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The Little Professor

Things Victorian and academic.

Updated: 2018-03-20T19:19:25-04:00


It depends


One of the reasons I'm probably disqualified from high-level academic leadership is that my approach to discombobulating situations can be summed up as "what is the least bad solution to this problem?" This is pragmatic, but not inspiring. ("Greetings, everyone!...

This (Last Two) Week's Acquisitions


Lorna Gibb, A Ghost's Story (Granta, 2015). Historical novel told from the point of view of the "ghost" Katie King. (Lift Bridge) Laura Purcell, The Silent Companions (Penguin, 2017). A Victorian woman goes away (bad move) to a decrepit mansion...

Brief note: The Man Who Invented Christmas


This is no doubt the sort of blog post that should be written around Christmas, when The Man Who Invented Christmas was originally released in the USA, but I fear that my sense of obligation did not quite equal my...

This Week's (Belated) Acquisitions


Celia Jones, Stories for the Christian Year (Joseph Masters, 1875). Three volumes from a multi-volume set in the spirit of John Keble's The Christian Year, consisting of short stories written to suit the liturgical calendar. (eBay) Colin Winnette, The Job...

The Job of the Wasp


The setting of Colin Winnette's The Job of the Wasp is immediately striking for its eerie detachment. Our first-person narrator, of no known age and unnamed until the end, arrives at an equally unnamed school/orphanage, located in no identifiable country...

Grumblings of a Middle-Aged Academic, Take #329 (Or, Book-Reviewing with Poor Eyesight)


I can't see much of anything. This may come as news, given that I do a lot of reading. But, really, with my contacts out, I can't see much of anything. I'm hypermyopic, with c. 20/1200+ vision*; I have astigmatism;...

This Week's Acquisitions


Paul Howarth, Only Killers and Thieves (HarperCollins, 2018). Novel set in late-Victorian Australia, examining colonial violence through a story about a settler family hunting down a former Aboriginal employee, with horrific results. (Amazon) Publications of the Catholic Truth Society, vol....

The Victim of Intolerance: or, The Hermit of Killarney, a Catholic Tale


The ecumenical "tolerance tale" is a tiny subgenre of the nineteenth century religious novel, and an overwhelmingly Protestant one. The political economist Robert Torrens' quad-decker The Victim of Intolerance: or, the Hermit of Killarney, a Catholic Tale (1814) is, while...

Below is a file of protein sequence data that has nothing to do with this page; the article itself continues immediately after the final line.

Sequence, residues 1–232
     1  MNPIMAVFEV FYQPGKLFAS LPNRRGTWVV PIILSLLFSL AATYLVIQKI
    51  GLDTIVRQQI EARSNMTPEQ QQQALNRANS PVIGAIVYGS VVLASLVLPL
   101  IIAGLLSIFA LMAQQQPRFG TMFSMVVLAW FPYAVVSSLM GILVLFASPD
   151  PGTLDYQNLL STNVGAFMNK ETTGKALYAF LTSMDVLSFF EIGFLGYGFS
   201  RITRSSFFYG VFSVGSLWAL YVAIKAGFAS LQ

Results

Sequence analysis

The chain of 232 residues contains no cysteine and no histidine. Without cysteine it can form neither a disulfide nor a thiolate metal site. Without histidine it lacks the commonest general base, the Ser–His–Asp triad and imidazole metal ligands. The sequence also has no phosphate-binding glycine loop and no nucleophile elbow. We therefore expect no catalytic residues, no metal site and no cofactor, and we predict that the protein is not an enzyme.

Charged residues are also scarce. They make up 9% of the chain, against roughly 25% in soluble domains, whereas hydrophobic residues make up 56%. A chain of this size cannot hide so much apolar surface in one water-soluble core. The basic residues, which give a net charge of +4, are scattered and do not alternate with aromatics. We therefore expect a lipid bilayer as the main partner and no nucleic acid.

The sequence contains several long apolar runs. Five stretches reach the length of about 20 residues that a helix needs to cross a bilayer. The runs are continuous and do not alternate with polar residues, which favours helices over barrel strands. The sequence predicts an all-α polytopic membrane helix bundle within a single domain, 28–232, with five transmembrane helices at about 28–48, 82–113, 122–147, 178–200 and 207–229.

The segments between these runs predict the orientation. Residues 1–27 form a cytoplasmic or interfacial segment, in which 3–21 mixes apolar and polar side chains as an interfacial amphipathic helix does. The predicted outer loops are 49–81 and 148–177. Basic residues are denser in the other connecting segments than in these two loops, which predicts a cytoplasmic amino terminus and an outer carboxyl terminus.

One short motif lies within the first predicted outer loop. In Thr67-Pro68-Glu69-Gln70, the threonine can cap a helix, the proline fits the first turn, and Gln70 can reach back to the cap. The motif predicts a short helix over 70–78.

The conference circuit after tax reform


"You know," I've said to various people over the last few weeks, "we can no longer deduct conference expenses on our taxes." "Really?" "Yeah, they fell under the heading of 'unreimbursed employee expenses,' and those are no longer tax-deductible." In...

This (Last Two) Week's Acquisitions


(Unfortunately, I've also acquired a really persistent cold. *sneezes*) John Lang, The Forger's Wife (Grattan Street Press, 2017). Reprint of Lang's 1856 novel about a young woman who must deal with the repercussions of her husband's criminality after he is...

Much as the middle class is always rising, the academic book is always falling


Predicting the decline and fall of monographs--or, for that matter, desiring same--has been on the agenda for about as long as I've been an academic. It would be nice if the discussion was a bit more grounded in data that...

Adventures in Academic Life: The Spring Semester Edition


With the new semester comes a new installment in my chronicles of what a full professor at a regional comprehensive does to earn her keep. Teaching I have a course release this semester (for the reason, see "service," below), so...

This Week's Month's Acquisitions


Some books arrived while I was in CA. Amazing how that happens! I had absolutely nothing to with this! They just...appeared! William H. G. Kingston, The Lily of Leyden (SPCK, n.d.). Religions historical novel set during the Siege of Leyden...

Brief note: Death and Mr. Pickwick


One of the many things authors can do with historical fiction is, in fact, attempt to write history. In the nineteenth century, we see such experiments in Joseph Strutt's and Walter Scott's (execrable) Queen-Hoo Hall, some of Bulwer-Lytton's historical novels,...

Brief note: Ethel's Book, or Tales of the Angels


I continued my Thomas Richardson and Sons read-through with F. W. Faber's Ethel's Book, or Tales of the Angels (1858), which Faber dedicated to a young Etheldreda Fitzalan Howard (1849-1926), later a Sister of Charity. Faber was not, shall we...